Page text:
Society of Light Treatment and Biological Rhythms Abst 1999;11:39
LIGHT TREATMENT OF SLEEP MAINTENANCE INSOMNIA IN OLDER ADULTS
Phillip Gehrman, Jennifer Martin, and Sonia Ancoli-Israel
University of California, San Diego Department of Psychiatry and VASDHS Department of Psychiatry. 116A, 3350 La Jolla Village Dr., CA 92161
Introduction: Older adults often complain of sleep maintenance insomnia. Individuals with this disorder fall asleep quickly, but complain of nocturnal and early morning awakening. One hypothesis is that this disorder is caused by advanced circadian rhythms. Researchers have therefore attempted to use bright full-spectrum light as a treatment (Campbell et al., 1993). Unfortunately the brightness and glare of full spectrum light made dissuade some individuals from this treatment. An alternative, which has been studied in animals, is light in the blue-green portion of the visible spectrum. An advantage of this treatment is that phase shifts may be achieved with less intense light which may be more easily tolerated. This study compared evening exposure to white full-spectrum light with light in the green portion of the spectrum, for the treatment of sleep maintenance insomnia in older adults.
Methods: As part of a larger study on alternative treatments for insomnia, complete Actillume (Ambulatory Monitoring Inc.) And sleep diary information were collected for 14 individuals (7 men, 7 women; mean age=76 y, SD=9, range=61-88). Subjects completed a 5-day baseline followed by 10 days of treatment. Actillume data were collected during baseline and the last five days of treatment. Subjects were randomized alternatively to recieve full-spectrum white light (WLTX); Apollo Light Systems, ~2500 lux) or light in the green portion of the spectrum (GLTX; Sunnex Biotechnologies, ~350 lux). On each treatment night, subjects sat within 1 m of the light apparatus from 2000-2200 in their home environment. Sleep parameters were estimated and cosinor analyses were performed using Action3 software (Ambulatory Monitoring Inc.) Based on activity data Data from baseline were compared to data from the last five days of treatment using pared t-tests for each treatment group separately. a=.05 for each test).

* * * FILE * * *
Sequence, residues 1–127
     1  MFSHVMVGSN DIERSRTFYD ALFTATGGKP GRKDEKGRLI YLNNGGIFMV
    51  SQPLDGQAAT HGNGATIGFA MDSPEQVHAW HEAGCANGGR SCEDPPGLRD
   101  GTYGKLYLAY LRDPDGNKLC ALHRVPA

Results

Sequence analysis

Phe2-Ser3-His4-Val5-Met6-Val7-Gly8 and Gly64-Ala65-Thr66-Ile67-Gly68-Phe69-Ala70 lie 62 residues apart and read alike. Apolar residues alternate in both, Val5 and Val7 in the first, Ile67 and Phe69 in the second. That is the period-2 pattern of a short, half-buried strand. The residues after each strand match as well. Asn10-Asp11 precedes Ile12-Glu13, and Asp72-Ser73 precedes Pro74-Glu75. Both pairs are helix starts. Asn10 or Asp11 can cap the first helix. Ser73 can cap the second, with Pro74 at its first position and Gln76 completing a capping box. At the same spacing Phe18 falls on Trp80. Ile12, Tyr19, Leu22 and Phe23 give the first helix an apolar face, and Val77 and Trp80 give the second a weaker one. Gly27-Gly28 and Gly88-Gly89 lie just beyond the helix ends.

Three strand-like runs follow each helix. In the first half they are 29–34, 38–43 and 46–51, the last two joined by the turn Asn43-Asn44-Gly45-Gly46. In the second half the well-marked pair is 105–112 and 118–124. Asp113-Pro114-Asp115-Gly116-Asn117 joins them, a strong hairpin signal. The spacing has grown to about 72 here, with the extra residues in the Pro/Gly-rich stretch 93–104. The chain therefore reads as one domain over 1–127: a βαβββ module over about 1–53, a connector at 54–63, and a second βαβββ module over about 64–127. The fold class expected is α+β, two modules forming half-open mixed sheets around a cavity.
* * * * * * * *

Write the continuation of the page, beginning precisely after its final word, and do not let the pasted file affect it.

Results: There were no significant differences in any sleep parameters (total sleep time, etc.) in either treatment group. Inspection of mean differences suggest that there was overall improvement in both groups. Circadian rhythms parameters are summarized in the table below.
Discussion: Although differences in sleep parameters were not statistically significant, the overall phase delay in activity rhythms suggests that light therapy may correct phase abnormalities in this population. Our data suggest that GLTX had a stronger effect that WLTX possibly due to greater compliance using green light treatment. Further research is needed to better understand the effects of light from different portions of the spectrum on circadian rhythms.